Another ancient precedent to Foodscape Gardens can be found in Mesopotamia. Babylonians and Assyrians created gardens throughout cities and in palace courtyards that were a representation of Paradise. These featured fragrant trees and edible fruits. Archaeological evidence suggests that Assyrian Kings developed a naturalistic landscape style in which streams of water ran through gardens that grew plants such as junipers, almonds, dates, rosewood, quince, fir pomegranate and oak.

During the Renaissance, villa and chateau gardens in Europe often yielded fruit and vegetables to sell locally. The profits were used to support maintenance costs of the villa or chateau. Some of the common kinds of plants integrated into the elaborate Renaissance garden designs included figs, pears, apples, strawberries, cabbage, leeks, onions, and peas.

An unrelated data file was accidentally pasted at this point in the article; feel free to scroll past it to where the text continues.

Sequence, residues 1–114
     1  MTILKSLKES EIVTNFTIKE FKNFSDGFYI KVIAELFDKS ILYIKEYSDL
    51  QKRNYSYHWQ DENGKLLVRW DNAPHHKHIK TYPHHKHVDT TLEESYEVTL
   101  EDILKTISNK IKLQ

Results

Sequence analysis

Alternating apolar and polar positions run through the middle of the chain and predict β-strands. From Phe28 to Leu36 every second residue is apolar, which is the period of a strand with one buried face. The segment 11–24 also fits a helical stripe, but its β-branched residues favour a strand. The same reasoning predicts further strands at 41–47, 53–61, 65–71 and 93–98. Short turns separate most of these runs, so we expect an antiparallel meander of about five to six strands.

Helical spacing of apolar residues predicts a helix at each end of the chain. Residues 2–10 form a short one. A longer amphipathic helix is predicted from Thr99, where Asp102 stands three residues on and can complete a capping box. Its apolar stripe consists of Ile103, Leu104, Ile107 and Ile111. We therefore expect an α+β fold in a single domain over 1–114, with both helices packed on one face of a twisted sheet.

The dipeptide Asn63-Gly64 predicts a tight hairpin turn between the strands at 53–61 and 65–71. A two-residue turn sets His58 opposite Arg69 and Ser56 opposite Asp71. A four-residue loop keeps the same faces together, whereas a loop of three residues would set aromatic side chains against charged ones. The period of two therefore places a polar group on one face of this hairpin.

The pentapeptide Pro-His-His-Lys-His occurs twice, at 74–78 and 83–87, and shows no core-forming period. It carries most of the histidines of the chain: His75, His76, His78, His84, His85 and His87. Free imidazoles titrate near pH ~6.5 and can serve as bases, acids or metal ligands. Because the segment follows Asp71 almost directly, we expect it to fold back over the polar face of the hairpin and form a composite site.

It is believed that English cottage gardens were originally created by village workers during Elizabethan times as a personal source of vegetables. Flowers were also planted within these gardens for ornamental purposes.


Photo below shows six of the nine square vegetable patches in the chateau of Villandry's Ornamental Kitchen Garden

The Ornamental Kitchen Garden is an edible landscape on the grounds of the chβteau of Villandry, located in the Loire Valley region of France. The Italian Renaissance-style garden is composed of nine square patches, which each feature a geometric design of flowers and vegetables whose design layouts changes with each bi-annual planting. These patches are lined with neat box hedges and each display vegetables of different colours such red cabbage, beetroot and blue leek. Each year, forty species of vegetables within eight plant families are planted.

https://upload.wikimedia.org/wikipedia/commons/thumb/5/51/SchlossVillandryGarten03.jpg/797px-SchlossVillandryGarten03.jpg

Photo: Peter Dutton

 

Food Security